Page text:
Hawks set to square off in Olympics

Matchup with Canada, Teammates Loom (0:40)

Patrick Kane on the matchup with Canada and facing his teammates. (0:40)

The appetizers are over. On to the main course.

Sunday could go down in U.S. Olympic history as a memorable day, and it’s not even one that the men’s hockey team can win a medal on. That could come later.

When the U.S. and Canada face off in each team’s third and final preliminary game on Sunday, more than just a bye to the quarterfinals will be at stake. It will be a momentum- and confidence-building victory for whichever team comes out on top. And we know which team the pressure is squarely on.

“There is pressure, no doubt about it,” NBC analyst Eddie Olczyk said via phone from Vancouver. “Canada has been good at times and at other times they’ve looked ordinary. I don’t want to use the word rattled, but they’ve looked on their heels at times, especially in that game against the Swiss.”

Olczyk is referring to a 3-2 shootout win Canada endured against Switzerland. In it, the Canadians gave up a 2-0 lead and easily could have lost in the four-round shootout. It puts them behind the 2-0 Americans in the standings. The U.S. has six points, Canada has five, but still sports a 2-0 record.

Olczyk points to a couple of keys making the difference come Sunday.

“The Americans have to clean up some of those odd-man situations,” Olczyk said. “Against the Canadians, it’s going to be an old meat-and-potatoes type of game. They’ll have to chip the puck in and then go get it. It’s going to be a typical NHL high-caliber type of game. For me, it comes down to how smart these teams are in the neutral zone.”

Olczyk liked the progress the U.S. team made from its first game, a 3-1 win over Switzerland, to its second, 6-1 over Norway.

“They looked a whole lot fresher throughout the course of the game,” Olczyk said. “They didn’t hit a wall like they sort of did in game one.”

“As for Canada, it’s a work in progress,” he said. “They’re still trying to find the right combinations. Mike Babcock really shortened his bench in that game early in the third period.”

Part of that shortening came at Brent Seabrook’s expense. The Chicago Blackhawks defenseman played less than nine minutes in each of Canada’s first two games, but that’s not really a knock on Seabrook, says Olczyk.

“These are the best players in the world, and some Hawk fans may not be used to not seeing their players in key moments whether it’s on the power play or at the end of games,” explained Olczyk. “That’s the way that it is.

“There are numbers and just because he [Seabrook] doesn’t get a lot of time in one game doesn’t mean he won’t get called upon for bigger minutes in another.”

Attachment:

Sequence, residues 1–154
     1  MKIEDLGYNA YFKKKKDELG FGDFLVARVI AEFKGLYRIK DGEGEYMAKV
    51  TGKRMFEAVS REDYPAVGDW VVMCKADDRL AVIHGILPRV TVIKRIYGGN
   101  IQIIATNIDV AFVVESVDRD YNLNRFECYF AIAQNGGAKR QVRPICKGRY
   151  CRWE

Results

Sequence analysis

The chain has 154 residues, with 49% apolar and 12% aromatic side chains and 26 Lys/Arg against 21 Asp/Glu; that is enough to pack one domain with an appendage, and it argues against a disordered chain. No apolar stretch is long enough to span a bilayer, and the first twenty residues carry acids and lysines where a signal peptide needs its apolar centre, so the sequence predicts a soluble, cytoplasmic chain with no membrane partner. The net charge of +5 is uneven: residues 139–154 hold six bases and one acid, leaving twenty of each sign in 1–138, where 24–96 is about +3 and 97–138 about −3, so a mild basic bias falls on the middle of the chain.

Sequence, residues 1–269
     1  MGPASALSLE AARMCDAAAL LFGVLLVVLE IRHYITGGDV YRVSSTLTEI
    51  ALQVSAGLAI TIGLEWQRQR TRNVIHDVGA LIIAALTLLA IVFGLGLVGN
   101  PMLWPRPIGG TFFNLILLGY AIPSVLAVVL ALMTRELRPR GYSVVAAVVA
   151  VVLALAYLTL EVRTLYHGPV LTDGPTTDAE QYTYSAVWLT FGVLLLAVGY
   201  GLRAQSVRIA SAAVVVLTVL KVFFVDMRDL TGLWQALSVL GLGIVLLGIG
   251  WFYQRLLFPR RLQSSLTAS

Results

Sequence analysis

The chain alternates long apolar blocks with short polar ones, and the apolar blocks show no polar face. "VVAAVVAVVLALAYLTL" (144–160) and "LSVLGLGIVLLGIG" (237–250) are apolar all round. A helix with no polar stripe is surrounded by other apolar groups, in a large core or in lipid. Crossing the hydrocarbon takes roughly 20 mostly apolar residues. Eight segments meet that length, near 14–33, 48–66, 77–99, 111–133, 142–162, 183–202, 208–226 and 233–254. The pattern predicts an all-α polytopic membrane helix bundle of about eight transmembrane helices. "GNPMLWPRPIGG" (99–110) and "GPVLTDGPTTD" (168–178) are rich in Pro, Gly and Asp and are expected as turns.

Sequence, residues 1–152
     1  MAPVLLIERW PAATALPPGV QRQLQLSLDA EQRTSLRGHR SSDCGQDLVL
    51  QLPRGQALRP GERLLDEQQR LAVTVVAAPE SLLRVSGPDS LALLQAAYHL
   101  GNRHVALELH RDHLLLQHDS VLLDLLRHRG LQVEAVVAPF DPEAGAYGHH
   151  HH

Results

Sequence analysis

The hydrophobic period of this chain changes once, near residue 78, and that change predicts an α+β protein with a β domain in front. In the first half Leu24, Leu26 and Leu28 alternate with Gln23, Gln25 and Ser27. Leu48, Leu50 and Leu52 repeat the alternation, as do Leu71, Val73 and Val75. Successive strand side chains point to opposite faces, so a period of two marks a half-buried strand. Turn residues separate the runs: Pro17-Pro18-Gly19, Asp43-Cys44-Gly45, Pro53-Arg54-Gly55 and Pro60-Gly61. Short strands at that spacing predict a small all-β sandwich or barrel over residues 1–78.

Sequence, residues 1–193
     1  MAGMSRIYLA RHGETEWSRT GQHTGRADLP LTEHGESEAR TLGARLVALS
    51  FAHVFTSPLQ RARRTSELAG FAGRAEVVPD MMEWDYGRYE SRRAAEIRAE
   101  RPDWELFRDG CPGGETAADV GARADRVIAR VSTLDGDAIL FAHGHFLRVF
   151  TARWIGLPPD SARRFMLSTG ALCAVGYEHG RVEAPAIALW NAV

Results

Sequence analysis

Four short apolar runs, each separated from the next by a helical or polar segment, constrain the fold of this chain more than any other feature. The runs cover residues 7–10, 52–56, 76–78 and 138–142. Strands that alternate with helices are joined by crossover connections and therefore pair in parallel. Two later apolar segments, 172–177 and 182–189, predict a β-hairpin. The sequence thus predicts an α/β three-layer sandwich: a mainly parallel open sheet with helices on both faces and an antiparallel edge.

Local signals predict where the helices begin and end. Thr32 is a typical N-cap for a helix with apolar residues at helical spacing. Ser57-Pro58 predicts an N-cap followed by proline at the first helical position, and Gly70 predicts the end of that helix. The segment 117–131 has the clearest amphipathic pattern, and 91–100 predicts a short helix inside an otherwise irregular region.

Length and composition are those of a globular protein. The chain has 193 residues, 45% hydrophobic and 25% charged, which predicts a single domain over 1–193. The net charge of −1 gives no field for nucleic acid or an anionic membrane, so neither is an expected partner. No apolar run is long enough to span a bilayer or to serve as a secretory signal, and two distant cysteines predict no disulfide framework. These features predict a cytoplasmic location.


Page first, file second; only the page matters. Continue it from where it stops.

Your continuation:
Olczyk says the rest of the Hawks who will participate Sunday have played well to this point and he pointed to Patrick Kane making the biggest jump from game one to game two when he scored his first Olympic goal.

“Patrick Kane was much better,” Olczyk said. “I thought he hit a wall coming in with all the travel and stuff but he looked much better in Game 2.”

Kane played more than any other U.S. forward, 18:22, in Game 1 but that number came down to 16:34 in Game 2. He leads the team in shots on goal, having registered four in each game. Jonathan Toews played just over 13 minutes in Canada’s first two games, registering an assist in the 3-2 win over Switzerland.

Olczyk believes the U.S. team has to find some secondary scoring and that may be difficult considering the defense they’ve brought to the Olympics.

“They don’t have an American defenseman that is in the top 25 in scoring in the NHL,” Olczyk said. “I’m not saying that means everything but you have to be able to generate from your back end.”

As for the long awaited matchup between Hawk stars in Sunday’s game, before they left for Vancouver they more than intimated there will be no palling around for these 60 minutes.

“You’re not friends when you’re out there,” Toews explained. “It’s a competition. Its fun to go up against a teammate like Patrick [Kane] and you don’t want him to get the best of you, so you have to give that effort and make sure that it doesn’t happen. I look forward to being on the ice with him at the same time.”

“They might light me up,” Kane said. “Duncan [Keith] lit me up in training camp this year. I was reaching for the puck, going for the puck, and I didn’t expect it at all and he labeled me. That was training camp. This is the Olympics so I would expect it.”

“Nobody is out there to hurt anybody, but obviously everybody has to play hard,” Keith responded. “You can’t take anyone lightly, but at the same time I realize he’s [Kane] on our team. I don’t want to see anyone get hurt but I especially don’t want to see him get hurt.”

“The stage is set,” Olczyk said before hanging up the phone.

It is, indeed.